The problems surrounding the infestation of pests in a household can often cause disagreements between landlords and tenants, as both parties are typically unclear as to who is responsible for dealing with them. The Association on Independent Inventory Clerks have seen a rise in the number of tenants attempting to force pest problems on to their landlord.
Par Barber, Chair of the Association explains:
“Tenants have unrealistic expectations and don’t want to take responsibility for anything. They sometimes think that their landlord should pay for everything no matter what…”
Below is a brief guide to some of the situations that the landlord is likely to find him or herself responsible for:
– An infestation of wasps or fleas that was present before the beginning of the tenancy would be the responsibility of the landlord. They would need to arrange and cover the costs of any wasp nest removal, as well as the cost of fumigating carpets and upholstery.
– If an infestation of rats at the property was found to be an ongoing problem then it is likely that the landlord will be responsible for covering the cost of regular treatment.
Tenants on the other hand are likely to find themselves responsible in the following situations:
- If a wasp nest or mice infestation was not apparent before the beginning of the tenancy, the responsibility to cover costs of removal fall on the tenant. Tenants may wish to ensure that no food debris or rubbish is left lying around that may attract mice.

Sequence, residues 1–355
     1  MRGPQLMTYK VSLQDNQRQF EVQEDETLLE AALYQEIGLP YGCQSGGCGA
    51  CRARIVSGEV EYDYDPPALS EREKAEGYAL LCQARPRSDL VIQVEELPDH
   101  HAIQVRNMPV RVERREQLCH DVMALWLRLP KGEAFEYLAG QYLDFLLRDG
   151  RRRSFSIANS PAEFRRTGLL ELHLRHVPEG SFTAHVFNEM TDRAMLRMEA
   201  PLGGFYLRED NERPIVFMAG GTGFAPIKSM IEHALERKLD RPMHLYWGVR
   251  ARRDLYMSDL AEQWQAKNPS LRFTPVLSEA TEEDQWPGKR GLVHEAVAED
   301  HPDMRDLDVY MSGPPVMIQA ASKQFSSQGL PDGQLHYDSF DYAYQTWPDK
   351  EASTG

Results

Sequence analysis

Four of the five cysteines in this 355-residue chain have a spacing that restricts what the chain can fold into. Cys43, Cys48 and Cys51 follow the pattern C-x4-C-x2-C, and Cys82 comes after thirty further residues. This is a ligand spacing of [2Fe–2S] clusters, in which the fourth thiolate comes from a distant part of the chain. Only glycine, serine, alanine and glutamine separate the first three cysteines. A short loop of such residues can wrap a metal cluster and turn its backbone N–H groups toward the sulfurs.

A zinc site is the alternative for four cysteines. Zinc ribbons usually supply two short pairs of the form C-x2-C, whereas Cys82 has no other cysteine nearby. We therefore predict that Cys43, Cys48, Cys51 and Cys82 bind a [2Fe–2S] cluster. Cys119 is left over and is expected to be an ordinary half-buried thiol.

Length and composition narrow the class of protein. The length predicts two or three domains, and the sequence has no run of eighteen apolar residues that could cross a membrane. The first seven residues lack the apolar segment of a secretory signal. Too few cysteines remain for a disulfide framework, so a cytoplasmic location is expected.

- Similarly, an infestation of ants is likely to be the responsibility of the tenant and they may wish to adopt a stricter cleaning regime as these pests are likely to return time and time again.
- An infestation of bees is different as they are a protected species and any swarm present in a property should only be removed by a professional bee keeper. It is likely that the tenant will find themselves responsible for the cost of the bee keeper.
- Like bees, bats are also a protected species. However, any nesting of bats cannot be touched and will have to remain in the property. Read our article on the subject here.
Arguably the trickiest pests to deal with are squirrels. It is illegal for anyone to trap and kill squirrels during their breeding season, so it would be wise to contact a pest control company who would advise on the best route forward – usually at the landlord’s expense.